What to consider before purchasing a PMI analyser

Positive Material Identification (PMI) is being increasingly used by companies to quickly and accurately determine the chemical composition of the materials they work with every day. From automotive to petrochemicals, companies all over the world are seeing efficiency and safety gains from being able to verify the exact composition of the parts that make up their systems and the material that they produce and buy-in.

There is a range of technological options for companies to choose from based on what they need their instrument to do or what they are looking to analyse. X-ray fluorescence analysis (XRF), optical emission spectroscopy (OES) and laser-induced breakdown spectroscopy (LIBS) all have their own benefits.

 

The PMI instrument you choose will likely be part of your operations for a long time, so it’s important not to rush into a purchase. Here are some things to consider before you decide on an option.

Do you only need to analyse alloys?

If measuring alloys is your only requirement, then you will be able to make use of an analyser that has any of three technologies; LIBS, OES and XRF. If you will need to analyse other materials like plastics, slags, powders, ceremics, rubber and wood in additional to alloys, you will be limited to XRF as it’s the only technology capable of dealing with the vast majority of solid sample types.

Is non-destructive important?

For some operations, it’s not important that the sample is preserved in the exact state it was in before the testing. If you need a completely non-destructive testing technique, then XRF is your best option. A LIBS analyser will leave a small burn mark that is usually so small it’s hard to see with the naked eye whilst OES will leave a burn mark often seen as a quality guarantee stamp.

Are your alloys predictable and known, or do you deal with unexpected samples?

If you deal with a variety of special alloys and want to be able to detect a large variety of uncommon alloys, then XRF is the recommended technology as it can be fundamental parameter (FP) calibrated; it can be calibrated empirically too. LIBS and OES can only be calibrated empirically and therefore aren’t suitable for dealing with uncommon samples.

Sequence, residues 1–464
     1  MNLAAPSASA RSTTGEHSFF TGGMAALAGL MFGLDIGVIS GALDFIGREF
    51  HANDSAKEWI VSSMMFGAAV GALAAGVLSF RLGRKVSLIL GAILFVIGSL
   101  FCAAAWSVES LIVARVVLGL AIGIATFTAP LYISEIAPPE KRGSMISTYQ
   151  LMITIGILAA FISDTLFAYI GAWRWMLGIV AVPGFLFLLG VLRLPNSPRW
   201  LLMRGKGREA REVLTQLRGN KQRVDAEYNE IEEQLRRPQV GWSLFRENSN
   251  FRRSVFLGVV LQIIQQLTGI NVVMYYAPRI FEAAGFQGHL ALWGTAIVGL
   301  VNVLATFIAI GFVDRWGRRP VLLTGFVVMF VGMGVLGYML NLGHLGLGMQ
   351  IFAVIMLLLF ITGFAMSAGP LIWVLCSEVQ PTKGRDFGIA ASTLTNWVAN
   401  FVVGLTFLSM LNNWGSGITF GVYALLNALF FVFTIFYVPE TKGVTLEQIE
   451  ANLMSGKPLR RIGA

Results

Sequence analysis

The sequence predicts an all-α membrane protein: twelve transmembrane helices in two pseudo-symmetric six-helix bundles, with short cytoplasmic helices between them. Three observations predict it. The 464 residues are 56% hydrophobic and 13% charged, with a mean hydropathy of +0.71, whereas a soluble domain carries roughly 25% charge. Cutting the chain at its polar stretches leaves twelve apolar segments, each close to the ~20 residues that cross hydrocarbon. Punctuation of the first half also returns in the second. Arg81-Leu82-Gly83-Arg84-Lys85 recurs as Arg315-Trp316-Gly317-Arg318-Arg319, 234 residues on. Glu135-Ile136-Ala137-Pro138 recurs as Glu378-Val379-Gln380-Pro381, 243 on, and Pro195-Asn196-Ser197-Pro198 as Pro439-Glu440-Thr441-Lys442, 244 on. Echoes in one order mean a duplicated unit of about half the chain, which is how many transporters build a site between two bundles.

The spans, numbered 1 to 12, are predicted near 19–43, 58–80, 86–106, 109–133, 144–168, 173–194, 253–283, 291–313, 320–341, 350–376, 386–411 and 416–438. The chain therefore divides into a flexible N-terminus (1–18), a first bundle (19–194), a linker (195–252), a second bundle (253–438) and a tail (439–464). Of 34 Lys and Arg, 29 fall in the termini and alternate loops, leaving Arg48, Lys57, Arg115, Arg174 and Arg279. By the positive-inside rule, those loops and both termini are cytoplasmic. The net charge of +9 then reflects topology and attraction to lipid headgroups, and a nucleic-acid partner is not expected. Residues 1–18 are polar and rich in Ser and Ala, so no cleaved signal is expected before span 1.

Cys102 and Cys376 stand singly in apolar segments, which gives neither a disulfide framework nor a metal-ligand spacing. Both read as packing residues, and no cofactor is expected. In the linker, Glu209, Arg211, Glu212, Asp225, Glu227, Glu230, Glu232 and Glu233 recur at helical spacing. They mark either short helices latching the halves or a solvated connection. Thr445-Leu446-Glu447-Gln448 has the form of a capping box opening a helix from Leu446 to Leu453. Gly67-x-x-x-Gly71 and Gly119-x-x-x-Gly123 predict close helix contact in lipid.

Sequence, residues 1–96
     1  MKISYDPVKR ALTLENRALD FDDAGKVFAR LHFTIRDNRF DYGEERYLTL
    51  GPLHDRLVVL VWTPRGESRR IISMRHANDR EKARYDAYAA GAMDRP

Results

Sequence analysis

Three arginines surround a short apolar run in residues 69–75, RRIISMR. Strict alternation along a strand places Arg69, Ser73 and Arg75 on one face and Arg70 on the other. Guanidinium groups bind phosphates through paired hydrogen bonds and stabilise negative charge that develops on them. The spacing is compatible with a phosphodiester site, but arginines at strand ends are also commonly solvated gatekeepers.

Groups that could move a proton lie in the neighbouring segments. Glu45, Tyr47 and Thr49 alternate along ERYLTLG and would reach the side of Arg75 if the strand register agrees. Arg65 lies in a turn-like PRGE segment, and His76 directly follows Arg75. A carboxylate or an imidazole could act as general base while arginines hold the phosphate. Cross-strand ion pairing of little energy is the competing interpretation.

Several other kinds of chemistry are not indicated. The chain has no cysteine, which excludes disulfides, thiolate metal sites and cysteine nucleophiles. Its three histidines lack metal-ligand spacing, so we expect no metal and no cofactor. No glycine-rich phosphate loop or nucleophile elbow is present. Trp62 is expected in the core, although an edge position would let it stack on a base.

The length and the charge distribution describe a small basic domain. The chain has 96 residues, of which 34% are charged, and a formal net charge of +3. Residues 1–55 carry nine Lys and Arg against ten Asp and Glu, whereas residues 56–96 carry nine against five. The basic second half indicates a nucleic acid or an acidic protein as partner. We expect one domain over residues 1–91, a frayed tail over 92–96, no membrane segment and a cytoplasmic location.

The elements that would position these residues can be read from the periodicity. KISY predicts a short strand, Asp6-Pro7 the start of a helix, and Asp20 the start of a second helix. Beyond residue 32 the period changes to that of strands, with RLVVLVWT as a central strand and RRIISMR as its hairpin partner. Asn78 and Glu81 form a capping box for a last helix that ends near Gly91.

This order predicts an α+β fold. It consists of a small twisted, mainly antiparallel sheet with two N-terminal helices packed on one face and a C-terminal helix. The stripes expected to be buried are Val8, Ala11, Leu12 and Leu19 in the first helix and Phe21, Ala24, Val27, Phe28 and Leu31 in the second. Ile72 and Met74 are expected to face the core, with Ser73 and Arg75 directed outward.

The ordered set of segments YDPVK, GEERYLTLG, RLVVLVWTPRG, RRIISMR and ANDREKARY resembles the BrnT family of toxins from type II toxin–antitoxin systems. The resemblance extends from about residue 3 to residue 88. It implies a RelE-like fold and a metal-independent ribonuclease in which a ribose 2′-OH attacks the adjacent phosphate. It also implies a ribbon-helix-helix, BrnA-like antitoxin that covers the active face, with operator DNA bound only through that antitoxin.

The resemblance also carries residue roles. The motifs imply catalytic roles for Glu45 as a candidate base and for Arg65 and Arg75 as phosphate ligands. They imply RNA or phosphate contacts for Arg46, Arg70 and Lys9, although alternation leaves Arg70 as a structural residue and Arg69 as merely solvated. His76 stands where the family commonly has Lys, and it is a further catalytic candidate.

What are your volumes like?

If you’re checking thousands of samples each day then LIBS is the preferred option so long as it meets the required analytical performance; due to its one second analysis. Otherwise, you should go with a handheld XRF analyser.

Do you need to analyse light elements?

An OES instrument is the only option if you need to analyse elements like lithium, carbon, nitrogen and boron. If you’re going to be primarily testing aluminium samples, all three of the technologies are capable, but which is suited to your operations will be based on other factors like volume, safety, limit of detection and accuracy requirements.

But, if the sulfur and phosphorus content of the steels you use is your primary concern, you will need either XRF or OES as LIBS cannot detect these elements.

What kind of steel do you need to analyse?

If you need to analyse tool steels and low alloy steels accurately, even the low-level alloying elements, OES will be your best option as it provides the high accuracy chemistry and the lowest detection limits needed. XRF is also capable of providing excellent results. LIBS is effective for sorting alloy groups but some low level alloying elements might be close to its detection limits

Your choice of PMI instrument needs to be a process of matching an instrument to your operations, not the other way around. Hitachi High-Tech’s range of PMI instruments is built on a foundation of matching analysis solutions to industry requirements. Whatever your needs and whatever the environment you work in, there will be an instrument that can fit into your operations without disruption.


To book a demo of any of our PMI instruments or to talk to a member of our expert team about your analysis needs, get in touch today.

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Date: 2 August 2018

Author: Hitachi High-Tech Analytical Science

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